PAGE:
An unprecedented abundance of oceanic life played a crucial role in the creation of Earth’s first big mountains, a study led by scientists at the University of Aberdeen and published in the journal Communications Earth and Environment has revealed.
“Mountains are an essential part of the landscape, but big mountain chains only formed half-way through Earth’s history, about two billion years ago,” explains author Professor John Parnell from the University’s School of Geosciences.
While the formation of mountains is usually associated with the collision of tectonic plates causing huge slabs of rock to be thrust skywards, the study has shown that this was triggered by an abundance of nutrients in the oceans two billion years ago which caused an explosion in microscopic life.
The motion of tectonic plates likely began about 3.5 billion years ago, driven by mantle plumes pushing aside parts of the Earth’s crust. But to allow the tectonic plates to move and solid masses of rocks to slide over each other, a lubricating material is needed.
Graphite, a carbon mineral, can act as auch a material. Graphite and graphite powder are valued in industrial applications for their self-lubricating and dry lubricating properties.
Life on Earth appeared about 3.5 billion years ago and is mostly carbon-based.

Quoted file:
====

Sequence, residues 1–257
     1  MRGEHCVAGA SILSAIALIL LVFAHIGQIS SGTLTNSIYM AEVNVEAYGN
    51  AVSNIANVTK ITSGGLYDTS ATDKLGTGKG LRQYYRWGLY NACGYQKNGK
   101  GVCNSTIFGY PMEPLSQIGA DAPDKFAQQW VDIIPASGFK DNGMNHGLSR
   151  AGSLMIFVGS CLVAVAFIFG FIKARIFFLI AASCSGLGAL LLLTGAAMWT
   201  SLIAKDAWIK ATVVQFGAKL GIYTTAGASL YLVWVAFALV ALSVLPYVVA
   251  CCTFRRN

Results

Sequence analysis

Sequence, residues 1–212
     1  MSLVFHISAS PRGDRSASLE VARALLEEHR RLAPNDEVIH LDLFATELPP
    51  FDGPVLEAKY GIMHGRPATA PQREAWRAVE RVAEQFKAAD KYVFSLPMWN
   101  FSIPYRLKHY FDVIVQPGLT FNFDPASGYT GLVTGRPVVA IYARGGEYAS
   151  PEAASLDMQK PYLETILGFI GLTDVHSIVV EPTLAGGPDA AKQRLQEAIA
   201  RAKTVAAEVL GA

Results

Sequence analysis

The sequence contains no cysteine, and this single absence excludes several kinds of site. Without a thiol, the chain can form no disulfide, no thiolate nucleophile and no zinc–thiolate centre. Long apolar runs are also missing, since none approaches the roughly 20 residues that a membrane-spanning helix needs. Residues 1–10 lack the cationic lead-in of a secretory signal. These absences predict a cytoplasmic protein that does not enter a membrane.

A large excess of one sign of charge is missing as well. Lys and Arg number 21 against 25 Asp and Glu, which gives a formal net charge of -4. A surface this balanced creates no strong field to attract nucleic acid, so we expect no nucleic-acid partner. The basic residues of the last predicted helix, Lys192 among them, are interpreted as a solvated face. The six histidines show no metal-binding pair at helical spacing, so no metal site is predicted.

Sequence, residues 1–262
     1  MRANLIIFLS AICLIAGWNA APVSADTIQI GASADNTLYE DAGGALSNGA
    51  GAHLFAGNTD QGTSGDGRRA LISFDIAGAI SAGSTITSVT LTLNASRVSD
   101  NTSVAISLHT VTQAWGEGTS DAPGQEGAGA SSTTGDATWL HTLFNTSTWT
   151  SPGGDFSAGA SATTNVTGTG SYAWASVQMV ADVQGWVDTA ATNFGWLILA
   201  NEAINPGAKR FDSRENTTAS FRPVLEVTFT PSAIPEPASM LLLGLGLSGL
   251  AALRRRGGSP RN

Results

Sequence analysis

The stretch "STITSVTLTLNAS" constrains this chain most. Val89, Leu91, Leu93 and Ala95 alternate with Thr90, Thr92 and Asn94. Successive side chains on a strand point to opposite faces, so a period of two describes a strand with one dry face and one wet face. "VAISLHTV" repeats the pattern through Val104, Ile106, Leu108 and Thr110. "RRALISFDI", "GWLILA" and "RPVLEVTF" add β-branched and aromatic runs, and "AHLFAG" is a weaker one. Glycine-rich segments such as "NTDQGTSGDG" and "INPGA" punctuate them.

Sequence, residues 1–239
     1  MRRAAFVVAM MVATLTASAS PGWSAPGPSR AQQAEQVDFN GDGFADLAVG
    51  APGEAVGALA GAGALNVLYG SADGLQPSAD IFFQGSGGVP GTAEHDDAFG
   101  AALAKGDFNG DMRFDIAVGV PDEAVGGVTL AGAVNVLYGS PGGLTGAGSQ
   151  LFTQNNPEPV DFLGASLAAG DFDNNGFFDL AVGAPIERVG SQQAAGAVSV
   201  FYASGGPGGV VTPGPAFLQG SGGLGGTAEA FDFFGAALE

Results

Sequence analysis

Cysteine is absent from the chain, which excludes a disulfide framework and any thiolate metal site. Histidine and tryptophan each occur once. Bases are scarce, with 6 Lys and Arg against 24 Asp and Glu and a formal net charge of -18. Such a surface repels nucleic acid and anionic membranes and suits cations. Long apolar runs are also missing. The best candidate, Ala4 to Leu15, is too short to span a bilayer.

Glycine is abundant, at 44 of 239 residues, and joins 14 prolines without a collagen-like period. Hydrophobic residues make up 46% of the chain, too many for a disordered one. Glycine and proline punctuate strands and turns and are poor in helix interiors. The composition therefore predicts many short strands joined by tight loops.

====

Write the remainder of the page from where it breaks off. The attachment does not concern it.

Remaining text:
When the microorganism populating Earth’s early oceans died, they fell to the ocean floor, eventually forming graphite which played a crucial role in lubricating the breakage of rocks into slabs, enabling them to stack on top of each other to make mountains. The study has revealed that the amount of planktonic life was unusually high about two billion years ago, thus creating the necessary conditions that were crucial to the emergence of mountains over millions of years.
“The geological record for this period includes evidence of an abundance of organic matter in the oceans, which when they died were preserved as graphite in shale. While it has long been known that tectonic processes were lubricated, our research shows that it was the sheer abundance of carbon in the ocean that played a crucial role in the crustal thickening that built the Earth’s mountain ranges. We can see the evidence in the northwest of Scotland, where the roots of the ancient mountains and the slippery graphite that helped build them can still be found, in places like Harris, Tiree and Gairloch,” Professor Parnell explains.
“Ultimately what our research has shown is that the key to the formation of mountains was life, demonstrating that the Earth and its biosphere are intimately linked in ways not previously understood.”
Study co-author Dr. Connor Brolly, from the University of Glasgow, said: “Graphite buried in Earth’s crust is in high demand for future green technology, for use in items such as fuel cells and lithium-ion batteries. It’s interesting to think that this two-billion-year-old event which was responsible for shaping our natural world now has the potential to play a key role in its preservation for future generations.”